The old cold bath that’s not that old
‘Roman’ Bath, off Surrey Street, Strand, WC2
Victorian Londoners were a gullible lot, though they thought themselves highly sophisticated. When the owner of a little-known plunge pool suddenly began to promote it as dating from the first century ad, almost everyone was taken in.
Respected writers soon attested that it was “without doubt a veritable Roman structure,” with walls “formed of layers of brick, of that peculiar flat and neat-looking aspect which certainly seem to imply the impress of Roman hands.” And in 1878 Walter Thornbury wrote floridly of the bath as “one of the oldest structures in London, one of its few real and genuine remains which date from the era of the Roman occupation of England, and possibly even as far back as the reigns of Titus or Vespasian, if not of Julius Cæsar himself.”
To be fair, the brickwork does bear a Roman resemblance – and there was little evidence to contradict the story of its ancient origin – but historians are now sure that the bath dates from the early 17th century.
Some have suggested that it was constructed as a spring water reservoir for Arundel House, the home of Thomas Howard, 2nd Earl of Arundel. Or perhaps it was created as an ornamental accompaniment to the ‘Arundel marbles’ – the hundreds of Roman statues, busts, sarcophagi, altars and fragments with which the extravagant earl adorned the extensive grounds of his mansion. Thus, right from the start, it could have been intended to look like a Roman bath – so maybe those gullible Victorians could be excused.
However, Professor Michael Trapp and Dr Kevin Hayward of King’s College have recently rejected the connection with Arundel House. Instead they propose that the bath was originally the feeder cistern for a grotto-fountain built in the gardens of the old Somerset House for James I’s queen, Anne of Denmark, in 1612.
Whatever purpose it first served, the ‘old water-house’ had been converted into a bathing facility by 1776. Soon after this an ancillary bath was added, which was subsequently claimed to have been “built by the Earl of Essex, in the reign of Queen Elizabeth, 1588.”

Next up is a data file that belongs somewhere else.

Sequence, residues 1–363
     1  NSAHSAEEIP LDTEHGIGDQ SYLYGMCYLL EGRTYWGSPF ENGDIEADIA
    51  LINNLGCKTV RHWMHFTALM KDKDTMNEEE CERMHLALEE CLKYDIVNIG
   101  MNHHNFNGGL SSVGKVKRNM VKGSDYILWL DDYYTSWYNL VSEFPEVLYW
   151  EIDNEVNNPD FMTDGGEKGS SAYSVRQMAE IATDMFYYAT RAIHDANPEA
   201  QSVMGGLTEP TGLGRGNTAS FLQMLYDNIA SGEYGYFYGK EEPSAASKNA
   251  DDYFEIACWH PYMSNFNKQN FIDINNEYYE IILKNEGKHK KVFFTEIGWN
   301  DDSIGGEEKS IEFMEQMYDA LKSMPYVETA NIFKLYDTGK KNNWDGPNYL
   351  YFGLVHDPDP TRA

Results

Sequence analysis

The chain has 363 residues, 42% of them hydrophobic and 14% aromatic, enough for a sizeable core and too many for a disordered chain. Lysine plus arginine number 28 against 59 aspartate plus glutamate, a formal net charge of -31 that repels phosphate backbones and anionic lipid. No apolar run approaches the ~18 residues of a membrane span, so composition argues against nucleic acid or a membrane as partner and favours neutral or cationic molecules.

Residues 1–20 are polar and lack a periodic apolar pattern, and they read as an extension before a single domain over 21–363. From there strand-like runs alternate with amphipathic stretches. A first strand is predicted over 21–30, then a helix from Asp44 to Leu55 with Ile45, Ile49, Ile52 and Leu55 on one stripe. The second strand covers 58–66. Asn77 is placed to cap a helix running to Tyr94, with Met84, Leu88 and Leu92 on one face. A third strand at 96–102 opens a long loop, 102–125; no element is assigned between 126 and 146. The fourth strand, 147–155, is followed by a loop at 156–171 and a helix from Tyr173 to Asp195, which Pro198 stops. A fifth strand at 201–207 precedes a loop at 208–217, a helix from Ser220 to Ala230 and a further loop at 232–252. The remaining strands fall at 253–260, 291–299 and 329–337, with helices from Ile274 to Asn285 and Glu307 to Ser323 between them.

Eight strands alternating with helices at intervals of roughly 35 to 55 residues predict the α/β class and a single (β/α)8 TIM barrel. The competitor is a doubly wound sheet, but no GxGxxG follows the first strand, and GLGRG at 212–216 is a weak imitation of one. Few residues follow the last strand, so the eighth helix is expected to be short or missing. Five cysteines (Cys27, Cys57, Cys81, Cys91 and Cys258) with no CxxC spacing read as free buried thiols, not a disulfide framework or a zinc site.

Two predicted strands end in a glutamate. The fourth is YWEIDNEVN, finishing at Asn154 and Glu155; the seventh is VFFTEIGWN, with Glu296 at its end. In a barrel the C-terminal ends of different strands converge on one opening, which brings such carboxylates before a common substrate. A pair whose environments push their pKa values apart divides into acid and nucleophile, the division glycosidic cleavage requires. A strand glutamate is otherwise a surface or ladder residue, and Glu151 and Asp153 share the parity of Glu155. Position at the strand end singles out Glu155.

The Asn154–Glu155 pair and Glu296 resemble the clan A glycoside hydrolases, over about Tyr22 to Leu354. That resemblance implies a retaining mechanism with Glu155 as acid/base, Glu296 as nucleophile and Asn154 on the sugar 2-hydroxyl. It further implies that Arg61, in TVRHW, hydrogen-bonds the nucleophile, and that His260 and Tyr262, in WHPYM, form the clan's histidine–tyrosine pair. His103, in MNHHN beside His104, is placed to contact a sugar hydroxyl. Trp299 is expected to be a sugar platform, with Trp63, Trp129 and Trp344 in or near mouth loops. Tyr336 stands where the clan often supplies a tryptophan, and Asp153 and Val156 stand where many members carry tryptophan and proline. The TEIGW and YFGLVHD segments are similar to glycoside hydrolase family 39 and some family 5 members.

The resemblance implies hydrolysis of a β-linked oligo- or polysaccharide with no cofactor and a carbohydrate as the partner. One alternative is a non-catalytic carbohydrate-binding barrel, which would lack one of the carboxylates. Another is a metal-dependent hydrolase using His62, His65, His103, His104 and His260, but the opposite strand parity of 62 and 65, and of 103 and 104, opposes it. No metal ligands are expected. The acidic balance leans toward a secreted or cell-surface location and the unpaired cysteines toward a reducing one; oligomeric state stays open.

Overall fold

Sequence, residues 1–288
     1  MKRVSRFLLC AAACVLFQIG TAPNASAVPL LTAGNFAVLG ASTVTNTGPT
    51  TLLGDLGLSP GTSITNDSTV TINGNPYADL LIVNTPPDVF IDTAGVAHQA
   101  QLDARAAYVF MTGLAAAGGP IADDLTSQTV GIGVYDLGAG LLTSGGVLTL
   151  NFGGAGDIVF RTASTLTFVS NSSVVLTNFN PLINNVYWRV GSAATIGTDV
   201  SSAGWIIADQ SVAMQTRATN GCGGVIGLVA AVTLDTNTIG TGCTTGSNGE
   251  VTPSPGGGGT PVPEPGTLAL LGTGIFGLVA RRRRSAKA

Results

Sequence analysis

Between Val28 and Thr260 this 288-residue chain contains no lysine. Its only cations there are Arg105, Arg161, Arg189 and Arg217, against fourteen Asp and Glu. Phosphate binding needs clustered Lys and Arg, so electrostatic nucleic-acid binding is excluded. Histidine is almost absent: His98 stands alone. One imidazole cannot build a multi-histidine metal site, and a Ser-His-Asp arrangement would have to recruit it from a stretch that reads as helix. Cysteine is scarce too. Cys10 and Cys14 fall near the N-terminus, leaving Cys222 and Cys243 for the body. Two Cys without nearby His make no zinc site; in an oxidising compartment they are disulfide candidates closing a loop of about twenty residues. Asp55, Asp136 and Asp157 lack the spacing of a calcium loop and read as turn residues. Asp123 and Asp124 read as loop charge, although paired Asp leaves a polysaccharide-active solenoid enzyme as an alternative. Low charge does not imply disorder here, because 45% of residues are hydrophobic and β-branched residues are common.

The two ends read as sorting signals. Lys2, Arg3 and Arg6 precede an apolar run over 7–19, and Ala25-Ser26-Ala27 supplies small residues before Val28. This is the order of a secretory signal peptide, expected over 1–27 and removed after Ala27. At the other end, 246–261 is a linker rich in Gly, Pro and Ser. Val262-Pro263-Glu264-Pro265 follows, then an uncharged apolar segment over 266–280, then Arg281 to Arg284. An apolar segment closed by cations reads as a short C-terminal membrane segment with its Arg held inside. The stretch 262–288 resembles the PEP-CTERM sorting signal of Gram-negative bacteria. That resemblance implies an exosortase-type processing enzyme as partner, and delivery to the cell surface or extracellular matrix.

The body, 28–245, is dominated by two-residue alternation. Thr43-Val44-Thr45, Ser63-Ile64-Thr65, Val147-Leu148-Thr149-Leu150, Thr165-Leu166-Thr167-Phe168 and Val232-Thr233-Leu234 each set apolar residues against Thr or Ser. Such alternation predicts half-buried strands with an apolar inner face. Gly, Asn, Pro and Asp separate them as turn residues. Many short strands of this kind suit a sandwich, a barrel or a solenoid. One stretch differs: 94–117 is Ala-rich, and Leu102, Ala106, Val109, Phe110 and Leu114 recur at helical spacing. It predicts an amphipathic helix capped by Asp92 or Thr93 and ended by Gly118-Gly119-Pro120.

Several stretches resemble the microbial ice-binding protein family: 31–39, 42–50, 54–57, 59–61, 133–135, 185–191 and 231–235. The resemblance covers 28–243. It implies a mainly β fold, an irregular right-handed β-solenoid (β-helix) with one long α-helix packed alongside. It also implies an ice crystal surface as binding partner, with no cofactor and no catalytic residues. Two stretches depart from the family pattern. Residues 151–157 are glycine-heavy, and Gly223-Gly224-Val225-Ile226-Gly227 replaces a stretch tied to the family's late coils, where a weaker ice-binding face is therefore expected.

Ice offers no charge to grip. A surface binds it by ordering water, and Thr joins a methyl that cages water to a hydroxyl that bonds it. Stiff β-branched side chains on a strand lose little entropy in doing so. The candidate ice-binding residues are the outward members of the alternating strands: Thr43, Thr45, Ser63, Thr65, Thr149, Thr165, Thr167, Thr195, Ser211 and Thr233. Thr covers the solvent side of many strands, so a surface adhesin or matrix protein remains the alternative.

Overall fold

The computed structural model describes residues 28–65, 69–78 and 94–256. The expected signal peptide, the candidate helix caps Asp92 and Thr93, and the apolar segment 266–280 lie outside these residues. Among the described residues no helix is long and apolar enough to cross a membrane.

“I went yesterday afternoon to visit a Roman Bath, built by the Romans, over a spring, when they occupied London, of bricks and cement, precisely such as are now seen in all Ancient Roman ruins … It is used now as it has been for centuries, for bathing, and, though situated in Strand Lane, not six rods from the Strand, I do not believe its existence is known to one thousand of the three millions of people who inhabit London.”
Thurlow Weed, Letters from Europe and the West Indies, 1843–52
Charles Dickens is said to have frequented the Roman bath and he made David Copperfield endure “many a cold plunge” in it too. But in Dickens’s time it was the newer pool that was used for bathing while the ‘Roman’ bath served as a showpiece only. The ‘Essex’ bath was covered over in 1893, during the enlargement of the Norfolk Hotel, now King’s College’s Norfolk Building. After its closure, some of the ‘Essex’ bath’s peripheral decorations were moved to the older bath-house – which is why you can see delftware tiling in the entrance hall today.
The wealthy rector of St Clement Danes purchased the bath in 1922 and hatched a madcap plan to restore it to what he imagined was its Roman glory. The idea never got off the ground and in 1947 the property was donated to the National Trust. The London County Council agreed to look after it and it’s been the City of Westminster’s responsibility since the abolition of the LCC’s successor, the Greater London Council. Now it seems that the bath is destined to remain a quaint relic of the Stuart period – forever preserved but locked away, almost forgotten and only visible through a basement window unless you’ve made an appointment for someone to come along and admit you.
The ‘Roman’ bath is exceptionally hard to find. Strand Lane was once a little thoroughfare but it has led nowhere since King’s College blocked it off. To reach the bath you need to go halfway along Surrey Street (the bath is round the back of number 33), keeping your eyes peeled for an old National Trust sign above a gated archway. This leads into a narrow alley called Surrey Steps, from which you emerge into Strand Lane. Turn right and then look to your right for number 5.